I’m often asked questions by people who want to help someone in need through the church’s benevolence fund. It typically starts when a member of the congregation becomes aware of a need and wants to help meet it by making a contribution to the benevolence fund. The member intends for that donation to provide assistance to this needy individual or family. So how should you handle this type of situation to maintain compliance with IRS rules?
The principle I try to emphasize with ministries I work with is to keep the collecting of benevolence funds completely separate from evaluating and disbursing benevolence funds. I use the analogy of not letting the right hand know (or influence) what the left hand is doing. We are all one body in Christ, but we need to keep a distinct line between donors and recipients. Let me explain.
- Any donor or congregation member can let the church staff or benevolence team know of a family or individual who is in need. We certainly want to encourage this behavior. Sharing a testimony, thank-you, or the result of donated funds helps communicate the joy that real needs are met through benevolence gifts.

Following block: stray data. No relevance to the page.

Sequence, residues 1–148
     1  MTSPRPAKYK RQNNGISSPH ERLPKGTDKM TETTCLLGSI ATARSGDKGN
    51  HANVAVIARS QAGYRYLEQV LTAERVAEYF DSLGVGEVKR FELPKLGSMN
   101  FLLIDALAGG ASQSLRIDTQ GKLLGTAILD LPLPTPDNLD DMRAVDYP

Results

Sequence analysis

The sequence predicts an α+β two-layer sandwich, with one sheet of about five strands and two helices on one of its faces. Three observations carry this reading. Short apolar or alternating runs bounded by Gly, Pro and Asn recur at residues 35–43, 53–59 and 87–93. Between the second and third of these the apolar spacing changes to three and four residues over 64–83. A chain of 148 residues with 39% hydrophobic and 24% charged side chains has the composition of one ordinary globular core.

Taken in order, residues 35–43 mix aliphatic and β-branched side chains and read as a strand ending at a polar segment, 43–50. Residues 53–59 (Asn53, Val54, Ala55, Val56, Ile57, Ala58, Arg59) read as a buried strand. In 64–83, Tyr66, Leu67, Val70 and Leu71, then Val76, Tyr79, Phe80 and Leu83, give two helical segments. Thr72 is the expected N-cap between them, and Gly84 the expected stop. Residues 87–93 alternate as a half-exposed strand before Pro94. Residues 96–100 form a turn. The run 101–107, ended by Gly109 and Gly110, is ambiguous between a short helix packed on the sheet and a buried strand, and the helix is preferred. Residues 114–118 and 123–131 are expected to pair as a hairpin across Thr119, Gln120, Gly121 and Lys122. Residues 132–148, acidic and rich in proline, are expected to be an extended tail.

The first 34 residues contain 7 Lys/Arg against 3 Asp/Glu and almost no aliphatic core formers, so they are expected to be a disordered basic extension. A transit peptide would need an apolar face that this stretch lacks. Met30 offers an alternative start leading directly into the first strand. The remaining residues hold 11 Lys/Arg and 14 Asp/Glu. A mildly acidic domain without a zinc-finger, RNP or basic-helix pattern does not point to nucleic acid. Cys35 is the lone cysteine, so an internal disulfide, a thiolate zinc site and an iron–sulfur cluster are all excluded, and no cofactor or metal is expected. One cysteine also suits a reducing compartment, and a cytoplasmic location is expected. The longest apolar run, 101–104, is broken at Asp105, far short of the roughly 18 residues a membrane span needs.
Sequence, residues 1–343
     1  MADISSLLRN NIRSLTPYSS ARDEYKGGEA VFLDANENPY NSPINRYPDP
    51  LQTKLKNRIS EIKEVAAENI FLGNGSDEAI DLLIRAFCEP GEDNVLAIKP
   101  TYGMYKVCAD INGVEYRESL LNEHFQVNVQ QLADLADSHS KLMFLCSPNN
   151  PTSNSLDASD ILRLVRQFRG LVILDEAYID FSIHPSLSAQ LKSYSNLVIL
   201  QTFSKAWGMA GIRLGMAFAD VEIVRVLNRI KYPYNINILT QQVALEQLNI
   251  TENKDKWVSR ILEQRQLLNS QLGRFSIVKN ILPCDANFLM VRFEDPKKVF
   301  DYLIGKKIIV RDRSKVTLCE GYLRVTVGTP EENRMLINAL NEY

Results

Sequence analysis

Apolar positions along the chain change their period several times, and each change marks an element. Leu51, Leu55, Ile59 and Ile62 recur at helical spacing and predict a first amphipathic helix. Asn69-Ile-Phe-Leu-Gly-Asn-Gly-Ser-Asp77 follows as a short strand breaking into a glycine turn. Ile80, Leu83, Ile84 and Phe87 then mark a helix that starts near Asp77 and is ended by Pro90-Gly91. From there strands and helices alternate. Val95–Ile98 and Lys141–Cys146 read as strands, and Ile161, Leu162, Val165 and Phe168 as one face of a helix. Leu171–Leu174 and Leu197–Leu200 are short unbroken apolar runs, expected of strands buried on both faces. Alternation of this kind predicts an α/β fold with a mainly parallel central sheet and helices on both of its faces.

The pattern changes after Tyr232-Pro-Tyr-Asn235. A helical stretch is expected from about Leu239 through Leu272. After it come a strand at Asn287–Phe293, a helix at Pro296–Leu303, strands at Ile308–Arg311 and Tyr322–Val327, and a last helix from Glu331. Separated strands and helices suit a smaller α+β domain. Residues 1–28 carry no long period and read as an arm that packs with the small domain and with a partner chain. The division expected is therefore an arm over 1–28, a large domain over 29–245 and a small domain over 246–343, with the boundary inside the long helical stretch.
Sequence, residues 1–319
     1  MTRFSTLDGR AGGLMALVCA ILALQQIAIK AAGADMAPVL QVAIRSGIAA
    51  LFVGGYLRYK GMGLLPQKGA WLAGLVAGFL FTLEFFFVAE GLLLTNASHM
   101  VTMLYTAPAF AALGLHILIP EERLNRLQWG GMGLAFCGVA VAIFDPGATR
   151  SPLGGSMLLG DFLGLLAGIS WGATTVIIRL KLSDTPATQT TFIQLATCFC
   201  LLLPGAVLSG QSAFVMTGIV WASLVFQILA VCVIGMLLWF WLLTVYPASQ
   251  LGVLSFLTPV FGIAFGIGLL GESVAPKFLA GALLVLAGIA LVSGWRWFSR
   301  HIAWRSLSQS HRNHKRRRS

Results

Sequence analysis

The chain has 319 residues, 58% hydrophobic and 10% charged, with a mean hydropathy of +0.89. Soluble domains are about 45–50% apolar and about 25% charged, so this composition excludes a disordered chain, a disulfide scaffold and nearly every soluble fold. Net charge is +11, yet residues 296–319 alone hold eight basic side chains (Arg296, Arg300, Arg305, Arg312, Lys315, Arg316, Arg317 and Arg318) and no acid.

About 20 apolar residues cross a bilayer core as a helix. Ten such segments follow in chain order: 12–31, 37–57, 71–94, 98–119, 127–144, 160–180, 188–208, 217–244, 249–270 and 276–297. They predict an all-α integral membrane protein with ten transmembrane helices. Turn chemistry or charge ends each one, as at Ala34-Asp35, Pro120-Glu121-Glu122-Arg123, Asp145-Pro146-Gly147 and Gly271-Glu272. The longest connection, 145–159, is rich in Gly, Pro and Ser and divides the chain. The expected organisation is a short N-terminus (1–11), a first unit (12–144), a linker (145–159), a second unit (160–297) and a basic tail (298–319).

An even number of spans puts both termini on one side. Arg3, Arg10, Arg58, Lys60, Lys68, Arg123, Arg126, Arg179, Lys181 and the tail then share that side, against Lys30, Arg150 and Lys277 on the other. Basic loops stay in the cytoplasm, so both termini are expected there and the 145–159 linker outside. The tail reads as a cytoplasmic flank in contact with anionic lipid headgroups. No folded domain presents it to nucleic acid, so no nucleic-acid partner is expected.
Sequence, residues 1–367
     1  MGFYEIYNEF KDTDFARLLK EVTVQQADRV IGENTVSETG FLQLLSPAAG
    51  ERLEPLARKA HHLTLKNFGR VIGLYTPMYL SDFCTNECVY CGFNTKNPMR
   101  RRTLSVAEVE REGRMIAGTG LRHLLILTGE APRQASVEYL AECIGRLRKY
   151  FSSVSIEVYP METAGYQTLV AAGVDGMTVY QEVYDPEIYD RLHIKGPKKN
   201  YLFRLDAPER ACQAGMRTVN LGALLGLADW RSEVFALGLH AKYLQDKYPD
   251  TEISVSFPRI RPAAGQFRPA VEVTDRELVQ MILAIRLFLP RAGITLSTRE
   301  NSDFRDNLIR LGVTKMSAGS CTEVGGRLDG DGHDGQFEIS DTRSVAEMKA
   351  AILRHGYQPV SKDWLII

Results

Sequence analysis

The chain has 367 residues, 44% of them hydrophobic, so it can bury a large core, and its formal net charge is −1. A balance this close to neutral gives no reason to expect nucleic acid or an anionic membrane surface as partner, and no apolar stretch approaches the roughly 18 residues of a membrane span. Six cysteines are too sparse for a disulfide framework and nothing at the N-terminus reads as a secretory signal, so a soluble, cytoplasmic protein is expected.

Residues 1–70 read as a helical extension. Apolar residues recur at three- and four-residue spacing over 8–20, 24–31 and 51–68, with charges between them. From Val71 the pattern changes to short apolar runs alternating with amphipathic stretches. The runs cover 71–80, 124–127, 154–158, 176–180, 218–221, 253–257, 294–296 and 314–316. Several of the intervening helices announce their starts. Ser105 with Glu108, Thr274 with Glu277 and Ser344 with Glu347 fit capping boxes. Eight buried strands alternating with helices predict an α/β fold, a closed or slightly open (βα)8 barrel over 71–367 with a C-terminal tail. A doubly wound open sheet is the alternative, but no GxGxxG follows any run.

- The benevolence team should receive requests for help or assistance and process them using discernment and judgment according their benevolence guidelines. These individuals should not be influenced by any donors, but rather by the need of the individual or family.
- Contributions to benevolence funds may be claimed as charitable tax deductions if they are not earmarked for particular recipients. If a donor or congregation member wants funds to go directly to an individual or family, they should give those funds directly to that individual or family. A donor can’t designate that benevolence funds go to a specific person and still receive a tax-deductable receipt. The church must maintain complete control over who receives benevolence funds.
During the holiday season, benevolence requests often increase. Let’s take this opportunity to bless as many as we can with the joy of Christ’s birth while doing so in a manner which also honors and respects the IRS, because we are subject to their authority.